Morocco’s moderate Islamist Justice and Development Party (PJD) won 107 seats in parliamentary elections, followed by the former ruling Istiqlal party by 60 seats, the interior minister said on Sunday.
The PJD - known by its French initials - is the latest Islamist party to win an election brought about by the Arab Spring. The right-of-center Istiqlal, a potential ally for the PJD, placed second with 60 seats.
Under a new constitution proposed by King Mohammed VI in the wake of the Arab Spring uprisings that was approved in a July referendum, the monarch must now choose a prime minister from the the winning party instead of naming whoever he pleases.
The king, the latest scion of a monarchy that has ruled the country for 350 years, proposed changes to the constitution that curb some of his near absolute powers as autocratic regimes toppled in nearby Tunisia, Egypt, and Libya and pro-democracy protests brewed at home.
“We are going to wait for King Mohammed VI to nominate a prime minister before we start talks with other political parties,” added Benkirane.
Morocco has been swept by pro-democracy protests decrying lack of freedoms and widespread corruption. King Mohammed VI sought to defuse tensions by ordering a constitutional reform that gives parliament more power and moving up legislative elections by a year.
The new government will have to work with the king, who still retains broad powers and acts as arbitrator, at a time when Morocco is facing significant challenges, such as high youth unemployment and worsening public finances.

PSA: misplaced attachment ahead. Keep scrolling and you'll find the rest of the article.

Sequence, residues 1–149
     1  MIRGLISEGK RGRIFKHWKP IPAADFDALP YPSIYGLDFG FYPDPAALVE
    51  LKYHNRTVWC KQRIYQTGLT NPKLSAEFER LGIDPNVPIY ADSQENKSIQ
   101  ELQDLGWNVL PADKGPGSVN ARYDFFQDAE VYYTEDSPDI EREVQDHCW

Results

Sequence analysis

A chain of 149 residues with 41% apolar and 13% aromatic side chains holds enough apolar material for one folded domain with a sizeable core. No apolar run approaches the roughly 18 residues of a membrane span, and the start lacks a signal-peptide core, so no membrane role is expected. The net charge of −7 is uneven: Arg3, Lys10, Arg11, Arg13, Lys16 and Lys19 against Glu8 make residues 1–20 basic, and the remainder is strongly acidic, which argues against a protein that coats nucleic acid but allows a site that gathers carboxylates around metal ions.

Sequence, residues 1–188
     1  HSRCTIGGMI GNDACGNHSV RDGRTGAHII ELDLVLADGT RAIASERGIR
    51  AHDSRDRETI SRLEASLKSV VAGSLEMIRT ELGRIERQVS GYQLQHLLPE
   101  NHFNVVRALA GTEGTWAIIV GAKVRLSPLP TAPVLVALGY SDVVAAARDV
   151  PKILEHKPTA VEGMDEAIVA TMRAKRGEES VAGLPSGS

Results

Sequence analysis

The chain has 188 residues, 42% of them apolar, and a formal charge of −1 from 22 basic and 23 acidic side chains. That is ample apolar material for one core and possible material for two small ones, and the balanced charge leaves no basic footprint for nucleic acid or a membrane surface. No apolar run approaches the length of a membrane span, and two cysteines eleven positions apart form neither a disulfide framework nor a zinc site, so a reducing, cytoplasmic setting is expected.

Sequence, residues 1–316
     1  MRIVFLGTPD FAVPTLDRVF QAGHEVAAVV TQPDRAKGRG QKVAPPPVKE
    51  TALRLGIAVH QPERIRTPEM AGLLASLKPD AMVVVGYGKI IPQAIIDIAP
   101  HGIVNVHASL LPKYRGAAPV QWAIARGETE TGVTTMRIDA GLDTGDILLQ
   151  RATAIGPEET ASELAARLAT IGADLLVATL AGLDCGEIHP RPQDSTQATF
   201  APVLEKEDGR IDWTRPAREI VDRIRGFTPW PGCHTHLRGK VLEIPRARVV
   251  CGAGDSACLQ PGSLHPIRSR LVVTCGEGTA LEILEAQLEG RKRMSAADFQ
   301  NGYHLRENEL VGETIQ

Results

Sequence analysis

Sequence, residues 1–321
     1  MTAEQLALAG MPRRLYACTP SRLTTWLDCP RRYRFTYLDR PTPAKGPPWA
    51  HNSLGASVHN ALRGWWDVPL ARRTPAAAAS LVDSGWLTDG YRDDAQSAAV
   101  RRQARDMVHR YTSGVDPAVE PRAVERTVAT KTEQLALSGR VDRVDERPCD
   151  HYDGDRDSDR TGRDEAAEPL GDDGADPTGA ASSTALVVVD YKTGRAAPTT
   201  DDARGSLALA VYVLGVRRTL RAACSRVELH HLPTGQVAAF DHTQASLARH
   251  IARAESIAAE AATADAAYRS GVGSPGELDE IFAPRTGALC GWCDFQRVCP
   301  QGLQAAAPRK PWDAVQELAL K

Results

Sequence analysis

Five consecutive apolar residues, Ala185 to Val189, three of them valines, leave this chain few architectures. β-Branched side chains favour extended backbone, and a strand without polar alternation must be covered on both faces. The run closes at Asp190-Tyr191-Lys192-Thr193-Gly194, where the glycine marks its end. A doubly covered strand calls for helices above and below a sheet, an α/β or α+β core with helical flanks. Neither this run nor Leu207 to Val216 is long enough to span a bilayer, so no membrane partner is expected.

“The standard will be set by the king,” said political scientist Khadija Mohsen, a specialist on Morocco who is based in Paris.
“He will continue to chair the Council of Ministers and can not content himself to be outside of the system.”
After winning just eight seats in 1997, the PJD surged in popularity, scooping 42 seats in the 2002 election, the first of King Mohammed VI’s reign.
It then increased its share in the last election in 2007 when it finished second with 47 seats.
The party focused at first on social issues, such as opposition to summer music festivals and the sale of alcohol, but has shifted to issues with broader voter appeal like the fight against corruption and high unemployment.
During the current campaign it promised to cut poverty in half and raise the minimum wage by 50 percent.
US Secretary of State Hillary Clinton on Saturday congratulated Morocco on its parliamentary election but cautioned that the task of building a democracy would require more “hard work.”
“As we have seen in so many changes underway across the region, political leaders will be judged not only by what they say, but what they do,” she said.
Voter turnout was 45.4 percent, up from 37 percent from the last parliamentary election in 2007, but lower than the 51.6 percent turnout recorded in 2002.
Morocco’s pro-reform February 20 protest movement, responsible for protests held just before the king announced plans to change the constitution, had called on voters to boycott the election. It argues the reforms are insufficient.
Between 1,500 ands 2,000 February 20 supporters marched in the streets of Casablanca, south of Rabat on Sunday, declaring that the official voter turnout rate showed that “the people didn’t vote.”
The movement said eligible voters were more than 22 million and only 13 million of them registered for the polls. The government said 45 percent (about 6 million) of those who registered to vote actually cast their ballots. So, according to pro-democracy activists an estimated 16 million out of 22 eligible voters rejected participation in the elections, which they see as useless under an all-dominant monarch.